Nick Tann tests the waters of grassroots promoting and returns with some interesting conclusions. Find and follow his work at –nicktann.co.uk and @nick_tann on twitter.
In May 2012 I played a gig at The Railway. I was supporting an artist and was expected to not only bring an audience but to sell and collect money from advanced tickets. For some artists this is the norm but for me with a very small “audience” it was pretty discouraging. I can’t remember how many or IF I sold any tickets. I do remember thinking that must be a better way to promote live music.
A few weeks later I came up with a plan: create a special night, hire a venue, get great artists to play (including me!) sell tickets and put on a great show. Simple eh? The idea was to create a regular show – a brand if you like – that people would buy into, that way they would come and see it again and again without needing to know who was playing. They would attend because they knew that it would be a great night.
So I set about finding artists that I thought people would like and planning how the show would work. I wanted the show to be properly compered and took on that role myself. I wanted the artists to play 2 short sets as opposed to just one each as experience had shown me that sometimes an audience can leave after their particular artists has performed. There would need to be an interval, there has to be a raffle, artists would get paid (a share of the profits) AND the most important part ARTISTS WOULD NOT SELL TICKETS. That for me was the most important element and was vital to my business plan.
I wanted to make sure that the audience bought their tickets from me, that way I could take their email addresses and let them know when the next show was and that way SELL THE BRAND.
I would like to say at this point that I AM NOT A PROMOTER, I am a full time musician.
After deciding to hire The Attic at The Railway and securing the artists for the first show, I printed small posters and put them up all over the place, contacted the local paper and found a few “What’s On” type websites to advertise on. I carried these little posters everywhere with me and gave them to everybody I met.
I sold advance tickets that I hand delivered personally. On the night I gathered email addresses of those who wanted to know about subsequent shows and the raffle was a great success.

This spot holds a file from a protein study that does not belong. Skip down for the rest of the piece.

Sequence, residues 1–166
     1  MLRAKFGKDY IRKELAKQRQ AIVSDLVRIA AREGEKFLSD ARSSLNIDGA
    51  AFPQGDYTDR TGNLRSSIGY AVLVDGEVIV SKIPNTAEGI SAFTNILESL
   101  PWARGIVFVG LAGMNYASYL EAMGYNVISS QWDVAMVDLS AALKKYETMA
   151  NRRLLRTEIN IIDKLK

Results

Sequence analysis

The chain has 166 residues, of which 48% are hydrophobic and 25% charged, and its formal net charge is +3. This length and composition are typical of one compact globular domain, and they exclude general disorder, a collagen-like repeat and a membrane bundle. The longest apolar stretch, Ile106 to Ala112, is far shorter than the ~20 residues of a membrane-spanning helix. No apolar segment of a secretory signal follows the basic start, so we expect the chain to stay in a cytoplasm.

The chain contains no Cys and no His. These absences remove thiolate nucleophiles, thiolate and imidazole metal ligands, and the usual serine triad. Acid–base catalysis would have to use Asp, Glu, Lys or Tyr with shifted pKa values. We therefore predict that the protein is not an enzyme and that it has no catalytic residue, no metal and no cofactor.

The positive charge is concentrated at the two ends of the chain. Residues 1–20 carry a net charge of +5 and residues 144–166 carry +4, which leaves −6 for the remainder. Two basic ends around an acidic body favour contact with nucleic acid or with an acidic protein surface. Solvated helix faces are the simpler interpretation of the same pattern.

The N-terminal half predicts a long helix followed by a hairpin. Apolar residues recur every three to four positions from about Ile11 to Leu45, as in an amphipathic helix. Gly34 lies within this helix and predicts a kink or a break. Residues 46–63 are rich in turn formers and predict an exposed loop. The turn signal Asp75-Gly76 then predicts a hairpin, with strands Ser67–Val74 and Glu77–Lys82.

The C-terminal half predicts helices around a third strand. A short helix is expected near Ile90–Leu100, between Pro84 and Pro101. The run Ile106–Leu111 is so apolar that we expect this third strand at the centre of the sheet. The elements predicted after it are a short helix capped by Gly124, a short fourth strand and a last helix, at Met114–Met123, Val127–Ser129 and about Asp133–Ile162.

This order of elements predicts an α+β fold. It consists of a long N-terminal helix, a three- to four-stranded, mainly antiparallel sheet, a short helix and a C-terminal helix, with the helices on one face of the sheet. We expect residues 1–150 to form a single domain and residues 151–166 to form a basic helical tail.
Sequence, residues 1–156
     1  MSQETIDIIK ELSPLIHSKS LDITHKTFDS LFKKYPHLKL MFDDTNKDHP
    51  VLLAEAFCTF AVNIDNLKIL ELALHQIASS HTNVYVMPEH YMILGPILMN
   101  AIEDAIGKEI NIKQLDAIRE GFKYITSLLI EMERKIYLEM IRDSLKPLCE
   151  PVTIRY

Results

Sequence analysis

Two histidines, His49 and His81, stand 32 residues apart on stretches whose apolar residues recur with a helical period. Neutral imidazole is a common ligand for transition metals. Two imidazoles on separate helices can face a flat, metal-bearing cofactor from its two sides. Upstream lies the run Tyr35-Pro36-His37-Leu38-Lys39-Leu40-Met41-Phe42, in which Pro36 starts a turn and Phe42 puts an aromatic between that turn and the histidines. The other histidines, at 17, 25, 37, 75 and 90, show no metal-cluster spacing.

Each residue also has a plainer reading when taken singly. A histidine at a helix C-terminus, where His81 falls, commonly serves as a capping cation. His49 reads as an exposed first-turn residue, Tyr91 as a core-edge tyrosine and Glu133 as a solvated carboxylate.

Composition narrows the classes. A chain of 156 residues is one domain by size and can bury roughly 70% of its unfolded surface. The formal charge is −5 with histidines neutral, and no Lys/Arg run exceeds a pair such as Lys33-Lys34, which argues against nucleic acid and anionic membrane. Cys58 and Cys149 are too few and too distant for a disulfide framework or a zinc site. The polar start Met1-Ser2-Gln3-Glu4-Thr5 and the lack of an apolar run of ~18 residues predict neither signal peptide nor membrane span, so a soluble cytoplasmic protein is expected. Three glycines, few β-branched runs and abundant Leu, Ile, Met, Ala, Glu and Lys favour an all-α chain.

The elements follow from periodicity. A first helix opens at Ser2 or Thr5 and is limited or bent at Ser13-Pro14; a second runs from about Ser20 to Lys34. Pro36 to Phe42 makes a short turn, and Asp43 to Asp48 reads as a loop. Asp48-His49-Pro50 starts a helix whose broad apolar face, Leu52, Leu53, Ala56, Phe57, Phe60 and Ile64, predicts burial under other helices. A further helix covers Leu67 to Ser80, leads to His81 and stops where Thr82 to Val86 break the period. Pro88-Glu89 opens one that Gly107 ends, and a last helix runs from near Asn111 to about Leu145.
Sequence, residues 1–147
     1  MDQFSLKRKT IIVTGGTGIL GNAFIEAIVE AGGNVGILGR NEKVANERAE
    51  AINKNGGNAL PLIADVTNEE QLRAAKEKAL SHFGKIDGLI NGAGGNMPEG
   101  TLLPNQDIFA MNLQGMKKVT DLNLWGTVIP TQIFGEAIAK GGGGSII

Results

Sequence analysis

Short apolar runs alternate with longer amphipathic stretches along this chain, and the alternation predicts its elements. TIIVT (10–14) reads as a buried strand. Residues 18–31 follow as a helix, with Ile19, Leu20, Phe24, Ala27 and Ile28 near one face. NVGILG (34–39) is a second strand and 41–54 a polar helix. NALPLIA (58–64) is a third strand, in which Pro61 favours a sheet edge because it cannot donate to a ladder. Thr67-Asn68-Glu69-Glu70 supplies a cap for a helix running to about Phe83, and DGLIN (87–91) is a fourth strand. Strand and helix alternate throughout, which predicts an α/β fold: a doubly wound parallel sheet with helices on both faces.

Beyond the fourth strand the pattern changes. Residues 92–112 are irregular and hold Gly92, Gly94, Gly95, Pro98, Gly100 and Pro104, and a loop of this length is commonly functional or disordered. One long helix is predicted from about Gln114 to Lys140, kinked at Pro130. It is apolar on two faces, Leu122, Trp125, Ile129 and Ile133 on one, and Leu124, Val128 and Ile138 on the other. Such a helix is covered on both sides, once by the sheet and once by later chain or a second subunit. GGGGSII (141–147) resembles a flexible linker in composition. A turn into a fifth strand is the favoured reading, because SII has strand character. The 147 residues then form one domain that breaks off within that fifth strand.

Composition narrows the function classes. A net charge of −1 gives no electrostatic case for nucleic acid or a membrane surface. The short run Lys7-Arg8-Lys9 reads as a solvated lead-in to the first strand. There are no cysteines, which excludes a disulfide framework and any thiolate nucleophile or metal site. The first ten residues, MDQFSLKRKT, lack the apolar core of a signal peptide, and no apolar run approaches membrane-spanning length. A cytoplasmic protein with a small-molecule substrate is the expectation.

People love a raffle and it’s a great way of making a bit more money (keeping me and the artists happy) as well as ensuring that folk stay until the close (keeping the bar and venue happy).
It was a bit stressful as I had to put up £120 of my own money to pay for the hire of the venue BUT I made a small profit and had a ball.
Apart from a few short breaks over the summer and a couple when I couldn’t book the venue, I was putting on shows each month right up to April last year.
- We had some great shows and the audiences were the best.
- I got to meet some great artists.
- I was able to put on acts from out of town. Dirty Proper came from Texas!
- I NEVER MADE A LOSS. Although I got very close, one month I made £5 profit!
- I was able to pay the artists MOST of the time. See above plus some nights weren’t that busy and sometimes the artists didn’t want the £2.50
What I did I did out of desperation and the belief that if THE PROMOTER actually promotes the BRAND and not the BAND people WILL COME. Yes I didn’t make a load of money but then I am not NOT a promoter.
I know there are loads of great promoters out there but I think that they need to stop looking for artists to sell tickets, generally they (artists) are rubbish at it. We have to sort out songs and equipment and travel and parking and merch and a myriad of other things AND actually perform.
Plus, if you continually use that tired old model of bands selling tickets, you are starting fresh every time you put on a night, it’s crazy. When you book acts GET THE AUDIENCE TO SIGN UP TO YOUR MAILING LIST and YOUR TWITTER FEED. That’s what the bands are doing and they are taking their audience, the one they played to at your venue, with them.
And before you poo poo the raffle, that raffle often made the difference between loss and profit. The prizes were generally naff and donated by the artists and once included a bag of bagels…with one missing….from Grant Sharkey!
You might be thinking that I just got lucky and that the time was right, I got the right venue/area/artists.
A year later I did the same thing with the old magistrates court in Eastleigh and used the same methods to put on four very successful shows. One show in particular I managed to pay the artists over £60 each and they all sold cds!
My advice to any promoter is PLEASE PLEASE PLEASE give this a try. Asking artists to provide an audience every time is a bad business model and does nothing for your continuing business. You are simply asking amateurs to provide you with an audience. You take control, you get the audience for your own venue. That way you can put on who you like, it doesn’t have to be a big pull act (you know I’m talking about tribute bands) but someone to make your venue look cool. Make your venue the place people want to go to on spec because “they always have cool people on” also that way you can properly promote local talent, not just the ones with lots of mates….And if you are an up and coming promoter, just think what your employability is like with a reputation for having a mailing list of people that go and watch live music….
I have now decided to use what I have learned to plug my own solo shows as …. I’m not a promoter!!
Thanks for publishing this Dave.
no problem, a very interesting read.
Reblogged this on jamierhawkins and commented:
Nick Tann makes some valid points regarding the onus of responsibility being put on artists for promoting their shows at certain venues…